As a teenager, Jerry Hess would travel from to his hometown of Lancaster, Penn., to in-state tracks like Pocono Raceway to see favorite drivers like Dale Earnhardt Sr. chase the checkered flag. At the time, it was only a dream for Hess to work in the sport.
“It was always a small part of a dream – working in NASCAR, working on cars,” Hess, 50, said. And one day, he wouldn’t just be watching the race cars – he’d be hauling them.
For the past 18 years, Hess has been a hauler driver for notable NASCAR teams like Hendrick Motorsports and now Joe Gibbs Racing. He currently hauls for Sprint Cup Series driver Carl Edwards, but has driven for several other popular racers including two-time NASCAR Sprint Cup Champion Terry Labonte and Gibb’s driver Denny Hamlin.
But before he belonged to a team in the most popular motorsport in the country, Hess was working on his family’s farm in Lancaster with his four siblings.
“I grew up working on the equipment,” Hess said. “We had hogs, normal crops like corn, wheat … I drove a truck after high school hauling grain.”
Hess drove locally and made his love of racing into a hobby, tinkering with friend’s racecars.
“I worked in mechanics, tinkering with late model racecars, helping guys on their racecars in the evenings or on Saturdays,” Hess said.
He began working in mechanics and in his early 20’s, married his wife, Lynn.
While the two had a good life in Pennsylvania, they decided to take a leap of faith and leave it all behind in the late 1990s.
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“My wife and I decided to pack everything up and go to Charlotte, North Carolina,” Hess said, ending up about 15 miles away in Huntersville. “I was young enough, adventurous enough to jump in and try it.”
His wife had a job lined up and he quickly found work at a car dealership. After six months, he signed on as a mechanic with a team in what is now called the NASCAR Camping World Truck Series. At Hendrick Motorsports, he hauled for Terry Labonte when in 1999, the driver had one of his three all-star race wins, a favorite memory for Hess.
“It was a big celebration, I think we wrecked in that race and we came back and won,” Hess said.
Hess worked for a few other teams before joining Joe Gibbs Racing where he’s worked the past 12 years.
While he has always driven trucks, his first experience over-the-road was in NASCAR. He drives a 2014 Freightliner Cascadia.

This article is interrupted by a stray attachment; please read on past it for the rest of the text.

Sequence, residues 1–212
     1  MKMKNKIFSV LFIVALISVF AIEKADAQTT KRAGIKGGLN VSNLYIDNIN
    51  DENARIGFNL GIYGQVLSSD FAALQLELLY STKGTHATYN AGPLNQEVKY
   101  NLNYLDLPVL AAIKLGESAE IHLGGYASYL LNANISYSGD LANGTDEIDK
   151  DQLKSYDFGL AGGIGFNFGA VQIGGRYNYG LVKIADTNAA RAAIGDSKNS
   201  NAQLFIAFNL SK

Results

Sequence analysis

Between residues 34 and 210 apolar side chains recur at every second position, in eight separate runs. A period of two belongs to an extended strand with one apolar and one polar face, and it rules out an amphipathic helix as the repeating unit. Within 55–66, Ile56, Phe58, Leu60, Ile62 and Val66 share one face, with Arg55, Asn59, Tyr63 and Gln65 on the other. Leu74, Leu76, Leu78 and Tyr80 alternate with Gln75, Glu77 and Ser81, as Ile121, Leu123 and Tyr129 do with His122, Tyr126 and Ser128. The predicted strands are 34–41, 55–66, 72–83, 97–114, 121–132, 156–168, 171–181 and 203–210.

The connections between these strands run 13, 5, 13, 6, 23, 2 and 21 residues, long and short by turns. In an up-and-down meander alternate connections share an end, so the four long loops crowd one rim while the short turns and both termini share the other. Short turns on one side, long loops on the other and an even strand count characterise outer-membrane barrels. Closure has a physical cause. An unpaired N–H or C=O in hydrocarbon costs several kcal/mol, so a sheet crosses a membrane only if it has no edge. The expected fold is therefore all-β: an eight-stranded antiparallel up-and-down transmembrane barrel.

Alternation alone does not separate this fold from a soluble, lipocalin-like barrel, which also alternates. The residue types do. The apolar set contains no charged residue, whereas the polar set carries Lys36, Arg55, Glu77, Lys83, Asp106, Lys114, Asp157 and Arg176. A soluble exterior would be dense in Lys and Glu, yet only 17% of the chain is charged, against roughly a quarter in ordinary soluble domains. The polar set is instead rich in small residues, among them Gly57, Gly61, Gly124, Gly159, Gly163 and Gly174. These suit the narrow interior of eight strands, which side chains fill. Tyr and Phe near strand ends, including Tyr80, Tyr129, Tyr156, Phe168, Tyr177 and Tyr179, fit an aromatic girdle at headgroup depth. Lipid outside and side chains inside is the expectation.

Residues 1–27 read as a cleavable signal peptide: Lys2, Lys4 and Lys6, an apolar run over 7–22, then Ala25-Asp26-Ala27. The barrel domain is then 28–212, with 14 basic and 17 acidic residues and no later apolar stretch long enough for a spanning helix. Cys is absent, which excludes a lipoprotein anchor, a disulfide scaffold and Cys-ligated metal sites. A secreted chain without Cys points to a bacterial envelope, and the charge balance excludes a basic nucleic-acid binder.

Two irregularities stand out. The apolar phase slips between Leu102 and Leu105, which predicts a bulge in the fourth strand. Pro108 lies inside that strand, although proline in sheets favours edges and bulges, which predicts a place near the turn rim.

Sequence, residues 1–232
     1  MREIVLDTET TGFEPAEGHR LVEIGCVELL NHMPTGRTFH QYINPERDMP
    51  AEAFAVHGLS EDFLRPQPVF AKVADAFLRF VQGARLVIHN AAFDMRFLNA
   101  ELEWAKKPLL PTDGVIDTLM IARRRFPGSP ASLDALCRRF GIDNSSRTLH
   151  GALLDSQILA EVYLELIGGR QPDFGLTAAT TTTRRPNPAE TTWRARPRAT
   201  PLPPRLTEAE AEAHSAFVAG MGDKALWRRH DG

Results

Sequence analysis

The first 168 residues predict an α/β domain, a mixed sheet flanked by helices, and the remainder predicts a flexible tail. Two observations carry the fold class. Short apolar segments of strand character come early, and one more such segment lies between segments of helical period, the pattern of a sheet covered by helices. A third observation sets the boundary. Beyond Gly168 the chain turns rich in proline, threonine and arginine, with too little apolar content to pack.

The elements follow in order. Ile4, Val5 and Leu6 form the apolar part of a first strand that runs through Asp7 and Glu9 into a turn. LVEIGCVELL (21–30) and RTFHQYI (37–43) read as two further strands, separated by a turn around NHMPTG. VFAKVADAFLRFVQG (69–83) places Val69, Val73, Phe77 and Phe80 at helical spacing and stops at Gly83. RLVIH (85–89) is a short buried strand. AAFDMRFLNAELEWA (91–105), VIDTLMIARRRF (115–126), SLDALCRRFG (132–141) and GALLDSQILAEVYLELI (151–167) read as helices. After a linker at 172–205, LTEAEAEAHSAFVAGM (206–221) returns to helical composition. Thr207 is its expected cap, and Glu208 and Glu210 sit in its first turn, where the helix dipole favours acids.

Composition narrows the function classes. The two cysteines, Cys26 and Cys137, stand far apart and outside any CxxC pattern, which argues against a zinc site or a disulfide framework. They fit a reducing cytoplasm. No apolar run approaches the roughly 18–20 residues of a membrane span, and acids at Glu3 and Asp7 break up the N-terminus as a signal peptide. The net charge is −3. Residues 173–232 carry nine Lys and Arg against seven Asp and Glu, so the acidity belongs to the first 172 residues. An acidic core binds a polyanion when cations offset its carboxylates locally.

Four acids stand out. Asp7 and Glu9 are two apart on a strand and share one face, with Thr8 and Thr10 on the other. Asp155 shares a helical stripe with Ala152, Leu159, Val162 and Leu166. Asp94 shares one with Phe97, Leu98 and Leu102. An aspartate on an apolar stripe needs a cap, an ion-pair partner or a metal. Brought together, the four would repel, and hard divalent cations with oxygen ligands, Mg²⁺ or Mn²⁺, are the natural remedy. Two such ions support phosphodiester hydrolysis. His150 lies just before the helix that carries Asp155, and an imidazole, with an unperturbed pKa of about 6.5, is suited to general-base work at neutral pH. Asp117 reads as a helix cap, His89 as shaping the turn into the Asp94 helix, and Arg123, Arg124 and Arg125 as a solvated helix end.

“It’s a nice quiet time by yourself when traffic’s not too heavy,” Hess said of driving, adding that his Freightliner “drives really nice. They’re quiet … there’s a lot of room inside, they’re comfortable.”
He often gets stopped at truck stops by fans eager to pose with the truck or share their disdain or admiration for a certain racecar driver. Then there’s fellow truckers who say they’d love his job. “They don’t realize the work that goes into it. We don’t just drive a truck and park it,” Hess said.
While work as a hauler driver can be thankless, there are moments Hess said where fans will show their appreciation.
“There’s different times you meet them and they tell you that a year or two earlier, you gave them a hat at one time or they stopped and took a picture with the truck and you didn’t realize it was a big deal to somebody,” Hess said. “It’s always a good feeling when you get to touch so many people.”
When Hess and his wife, who works in the office at Hendrick Motorsports, are away from work, the two enjoy outdoor life, everything from simply taking walks to having adventures on tropical cruises.
“We’ve done the horseback riding in the ocean, swam with stingrays,” Hess said, adding he wasn’t fearful because “they’re more like pets. That was fun.”
After 18 years, his leap of faith to find a career in NASCAR paid off. And he’s not about to leave.
“I’ll probably retire in the sport. It’s a fun job,” Hess said.
Q&A with Jerry Hess:
Who is a famous person you’d like to meet? I’m not big on famous people.
Favorite holiday? Probably Christmas. Everybody’s in a good mood; the lights, the songs, the decorations stretch out for a month.
If you could have any talent, what would it be? Probably drive a racecar so I’d have more money. They pay them more than a truck driver.